The Family Tragedies of Lincoln and Davis

Willie Lincoln (1850-1862) Source: wttv.com

Willie Lincoln (1850-1862) Source: wttv.com

The Lincolns lost their eleven-year-old son, Willie, in February 1862, to typhoid fever. Another son, Eddie, had died of an illness two months shy of his fourth birthday in 1850. The President, in the middle of managing the Union war effort, had little time to grieve. Mrs. Lincoln took Willie’s death particularly hard, later seeking to make contact with him in séances. She often cited Willie’s death as a reason her husband should keep their oldest son, Robert, out of the army. However, despite the Lincolns’ efforts, Robert ultimately served on Grant’s staff in the waning months of the war.

Tad Lincoln also died young at the age of 18 (Source: White House Historical Society)

Tad Lincoln also died young at the age of 18 (Source: White House Historical Society)

One hundred air miles to the south, the Confederacy’s executive couple suffered a tragedy of their own in April 1864, when their five-year-old son, Joe, fell to his death from a second-floor balcony. Like his northern counterpart, President Davis had to continue managing the Southern war effort while grieving a son’s tragic death. Mrs. Davis had to deal with her grief while in the seventh month of pregnancy.

Both deaths were tragic. Willie’s, however, was not out of the ordinary in the 1860s.

Take a look at the obituaries in your local newspaper. This morning, my local paper lists 26 deaths (actually 27, but one obituary does not list the decedent’s age). Twenty-one of those are people who reached at least seventy years of age. In contrast, children five years old or younger accounted for fully half of all deaths in mid-nineteenth-century urban America. The leading causes of death for children were diarrheal (cholera, dysentery, typhoid) and respiratory (tuberculosis, influenza, bronchitis, and pneumonia). 1

Contaminated drinking water was the leading culprit. Death rates for children did not decline appreciably until cities improved water supplies and sewer systems. By 1925, childhood deaths accounted for 25% of all deaths in Chicago.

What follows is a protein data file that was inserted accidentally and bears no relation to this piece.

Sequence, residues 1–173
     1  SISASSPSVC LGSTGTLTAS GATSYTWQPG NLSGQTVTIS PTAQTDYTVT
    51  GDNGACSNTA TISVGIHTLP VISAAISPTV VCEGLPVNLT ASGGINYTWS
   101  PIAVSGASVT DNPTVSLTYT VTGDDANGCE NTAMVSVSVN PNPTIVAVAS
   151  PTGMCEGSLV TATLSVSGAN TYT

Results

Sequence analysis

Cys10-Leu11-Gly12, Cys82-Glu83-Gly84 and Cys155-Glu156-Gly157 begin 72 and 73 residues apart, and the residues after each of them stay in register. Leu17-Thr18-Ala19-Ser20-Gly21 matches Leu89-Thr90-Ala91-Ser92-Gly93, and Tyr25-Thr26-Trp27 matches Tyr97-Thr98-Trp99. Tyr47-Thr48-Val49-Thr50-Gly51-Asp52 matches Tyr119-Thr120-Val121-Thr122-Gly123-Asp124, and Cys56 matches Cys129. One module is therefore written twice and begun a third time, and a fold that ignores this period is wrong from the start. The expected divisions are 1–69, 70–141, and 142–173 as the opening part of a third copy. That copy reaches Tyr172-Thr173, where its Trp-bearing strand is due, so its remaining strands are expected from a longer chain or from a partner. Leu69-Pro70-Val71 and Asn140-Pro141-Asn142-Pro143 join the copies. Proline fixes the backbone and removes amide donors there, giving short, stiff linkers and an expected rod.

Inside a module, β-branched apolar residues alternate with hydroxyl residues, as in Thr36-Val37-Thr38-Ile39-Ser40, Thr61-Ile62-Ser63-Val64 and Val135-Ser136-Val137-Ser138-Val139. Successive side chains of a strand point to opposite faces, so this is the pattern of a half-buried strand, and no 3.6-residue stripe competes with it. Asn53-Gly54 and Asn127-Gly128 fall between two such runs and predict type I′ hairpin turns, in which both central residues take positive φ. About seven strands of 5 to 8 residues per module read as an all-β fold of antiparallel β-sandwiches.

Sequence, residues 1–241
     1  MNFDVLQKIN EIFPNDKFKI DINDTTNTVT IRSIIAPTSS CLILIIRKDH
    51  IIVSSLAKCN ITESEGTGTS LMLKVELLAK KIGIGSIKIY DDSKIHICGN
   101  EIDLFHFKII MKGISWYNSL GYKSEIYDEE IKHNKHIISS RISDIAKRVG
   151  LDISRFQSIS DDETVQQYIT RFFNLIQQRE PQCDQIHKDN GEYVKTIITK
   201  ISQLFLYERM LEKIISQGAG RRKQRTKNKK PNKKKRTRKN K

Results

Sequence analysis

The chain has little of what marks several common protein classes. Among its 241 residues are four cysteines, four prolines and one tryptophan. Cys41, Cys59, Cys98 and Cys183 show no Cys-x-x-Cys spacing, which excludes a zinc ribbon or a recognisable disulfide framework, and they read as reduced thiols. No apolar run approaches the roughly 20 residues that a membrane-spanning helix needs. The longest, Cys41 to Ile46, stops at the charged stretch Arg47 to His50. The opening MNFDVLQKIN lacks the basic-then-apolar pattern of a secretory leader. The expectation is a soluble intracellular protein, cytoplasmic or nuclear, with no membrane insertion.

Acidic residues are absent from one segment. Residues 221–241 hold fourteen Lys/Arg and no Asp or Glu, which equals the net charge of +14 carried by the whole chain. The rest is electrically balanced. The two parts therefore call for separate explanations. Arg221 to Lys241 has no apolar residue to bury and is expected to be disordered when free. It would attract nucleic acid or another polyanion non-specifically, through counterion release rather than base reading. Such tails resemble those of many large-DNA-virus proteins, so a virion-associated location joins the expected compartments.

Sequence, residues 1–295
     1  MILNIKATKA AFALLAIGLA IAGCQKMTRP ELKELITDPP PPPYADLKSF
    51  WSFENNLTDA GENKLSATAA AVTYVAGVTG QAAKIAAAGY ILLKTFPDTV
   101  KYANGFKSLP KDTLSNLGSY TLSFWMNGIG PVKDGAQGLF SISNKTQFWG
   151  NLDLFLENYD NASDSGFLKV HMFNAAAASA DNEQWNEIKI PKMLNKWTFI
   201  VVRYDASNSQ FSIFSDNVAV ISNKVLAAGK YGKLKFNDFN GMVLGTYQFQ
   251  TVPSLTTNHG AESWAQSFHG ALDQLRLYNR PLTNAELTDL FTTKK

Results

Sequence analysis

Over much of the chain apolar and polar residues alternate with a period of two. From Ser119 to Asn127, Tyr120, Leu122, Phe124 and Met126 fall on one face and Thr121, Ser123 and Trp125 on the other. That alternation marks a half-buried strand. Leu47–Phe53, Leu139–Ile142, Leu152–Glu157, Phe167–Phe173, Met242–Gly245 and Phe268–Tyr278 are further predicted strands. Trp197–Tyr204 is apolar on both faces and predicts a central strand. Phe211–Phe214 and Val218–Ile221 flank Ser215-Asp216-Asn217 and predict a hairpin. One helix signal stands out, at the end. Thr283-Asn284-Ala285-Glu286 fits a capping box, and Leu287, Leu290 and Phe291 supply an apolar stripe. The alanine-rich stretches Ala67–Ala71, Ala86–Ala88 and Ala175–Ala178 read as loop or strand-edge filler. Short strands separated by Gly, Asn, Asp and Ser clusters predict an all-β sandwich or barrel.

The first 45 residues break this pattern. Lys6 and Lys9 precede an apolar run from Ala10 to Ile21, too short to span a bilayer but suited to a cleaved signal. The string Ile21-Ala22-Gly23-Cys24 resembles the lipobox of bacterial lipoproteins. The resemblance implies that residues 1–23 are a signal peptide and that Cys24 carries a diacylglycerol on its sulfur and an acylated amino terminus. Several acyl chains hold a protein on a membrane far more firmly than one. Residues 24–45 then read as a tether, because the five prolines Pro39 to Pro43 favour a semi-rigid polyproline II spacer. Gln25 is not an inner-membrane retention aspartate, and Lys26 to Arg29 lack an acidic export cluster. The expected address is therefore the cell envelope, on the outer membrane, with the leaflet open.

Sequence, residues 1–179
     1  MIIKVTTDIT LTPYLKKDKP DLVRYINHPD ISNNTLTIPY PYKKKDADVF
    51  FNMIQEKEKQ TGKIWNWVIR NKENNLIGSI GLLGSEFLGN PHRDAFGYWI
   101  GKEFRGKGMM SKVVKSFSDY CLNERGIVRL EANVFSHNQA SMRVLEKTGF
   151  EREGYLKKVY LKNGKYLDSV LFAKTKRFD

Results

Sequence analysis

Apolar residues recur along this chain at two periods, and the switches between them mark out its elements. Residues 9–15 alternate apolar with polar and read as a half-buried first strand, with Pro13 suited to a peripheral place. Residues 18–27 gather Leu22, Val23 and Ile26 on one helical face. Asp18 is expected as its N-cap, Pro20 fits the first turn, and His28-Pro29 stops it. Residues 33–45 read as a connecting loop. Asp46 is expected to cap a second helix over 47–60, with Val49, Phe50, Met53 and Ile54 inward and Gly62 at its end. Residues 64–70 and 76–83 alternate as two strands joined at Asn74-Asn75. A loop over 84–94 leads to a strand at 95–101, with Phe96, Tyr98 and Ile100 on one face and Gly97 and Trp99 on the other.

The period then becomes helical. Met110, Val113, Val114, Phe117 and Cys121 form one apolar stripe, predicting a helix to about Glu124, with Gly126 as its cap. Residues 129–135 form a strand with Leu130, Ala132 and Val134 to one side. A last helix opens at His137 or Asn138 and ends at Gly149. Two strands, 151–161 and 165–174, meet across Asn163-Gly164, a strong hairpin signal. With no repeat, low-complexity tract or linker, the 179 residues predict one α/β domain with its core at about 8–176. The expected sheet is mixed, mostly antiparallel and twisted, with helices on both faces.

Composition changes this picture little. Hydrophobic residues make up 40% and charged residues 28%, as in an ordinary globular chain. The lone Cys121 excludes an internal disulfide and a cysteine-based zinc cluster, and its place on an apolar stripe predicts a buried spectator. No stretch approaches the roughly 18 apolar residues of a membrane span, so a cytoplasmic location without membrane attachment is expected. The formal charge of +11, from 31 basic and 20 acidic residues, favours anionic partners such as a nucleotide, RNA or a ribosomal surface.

Improvements in medical science have reduced the numbers even further. In 2007, the CDC reported that children under the age of five accounted for 6.6% of all deaths, with children ages one to four accounting for only 0.12% of all deaths. 2

More recent statistics show accidents as responsible for 34% of deaths for American children under the age of five, whereas pneumonia and influenza contribute to only 2% of such deaths, essentially a reversal of their roles in the 1860s. 3

While soldiers identified their enemies by the color of their uniforms 150 years ago, the country’s children were threatened daily by an invisible enemy lurking in their water supply. Among our blessings this Thanksgiving, we can thank the engineers and scientists who have improved the prospects of our children and grandchildren by providing all of us with cleaner water and significant improvements in medical science.

Sources:

1 Ferrie and Troesken, Death and the City: Chicago’s Mortality Transition, 1850-1925, Working Paper 11427, National Bureau of Economic Research, Cambridge, MA (June 2005)

2 CDC, National Vital Statistics System, Mortality, www.cdc.gov/nchs/nvss/mortality

3 Singh, GK. Childhood Mortality in the United States, 1935-2007: Large Racial and Socioeconomic Disparities Have Persisted Over Time, A 75th Anniversary Publication. Health Resources and Services Administration, Maternal and Child Health Bureau. Rockville, MD. Department of Health and Human Services (2010)

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Filed under 1800s, American history, disease, history, Lincoln

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